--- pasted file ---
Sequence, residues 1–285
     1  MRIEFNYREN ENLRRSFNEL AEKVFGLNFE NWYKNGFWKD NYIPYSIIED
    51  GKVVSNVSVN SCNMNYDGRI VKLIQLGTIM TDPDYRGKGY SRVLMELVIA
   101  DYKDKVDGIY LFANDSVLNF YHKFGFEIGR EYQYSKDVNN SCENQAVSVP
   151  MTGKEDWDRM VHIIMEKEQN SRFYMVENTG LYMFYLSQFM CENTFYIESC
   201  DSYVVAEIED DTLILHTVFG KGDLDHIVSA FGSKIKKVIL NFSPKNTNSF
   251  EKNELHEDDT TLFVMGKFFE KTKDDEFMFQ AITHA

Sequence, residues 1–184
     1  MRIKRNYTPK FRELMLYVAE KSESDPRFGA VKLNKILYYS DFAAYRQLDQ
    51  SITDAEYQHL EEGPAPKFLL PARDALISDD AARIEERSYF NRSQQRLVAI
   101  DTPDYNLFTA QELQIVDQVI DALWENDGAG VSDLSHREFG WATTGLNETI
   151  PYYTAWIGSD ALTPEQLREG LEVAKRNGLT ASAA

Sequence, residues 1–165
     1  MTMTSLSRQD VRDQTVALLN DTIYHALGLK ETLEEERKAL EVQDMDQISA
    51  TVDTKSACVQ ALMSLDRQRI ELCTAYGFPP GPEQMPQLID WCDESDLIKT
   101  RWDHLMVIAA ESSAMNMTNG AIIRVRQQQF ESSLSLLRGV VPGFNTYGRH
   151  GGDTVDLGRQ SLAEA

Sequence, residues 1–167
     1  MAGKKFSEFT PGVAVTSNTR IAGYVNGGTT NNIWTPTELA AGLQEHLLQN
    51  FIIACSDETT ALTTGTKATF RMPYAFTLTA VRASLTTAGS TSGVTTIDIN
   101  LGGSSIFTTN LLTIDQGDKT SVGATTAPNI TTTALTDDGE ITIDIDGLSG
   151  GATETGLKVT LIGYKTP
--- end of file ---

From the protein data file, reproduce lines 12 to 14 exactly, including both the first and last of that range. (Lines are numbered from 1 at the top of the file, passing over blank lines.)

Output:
   151  PYYTAWIGSD ALTPEQLREG LEVAKRNGLT ASAA

Sequence, residues 1–165
     1  MTMTSLSRQD VRDQTVALLN DTIYHALGLK ETLEEERKAL EVQDMDQISA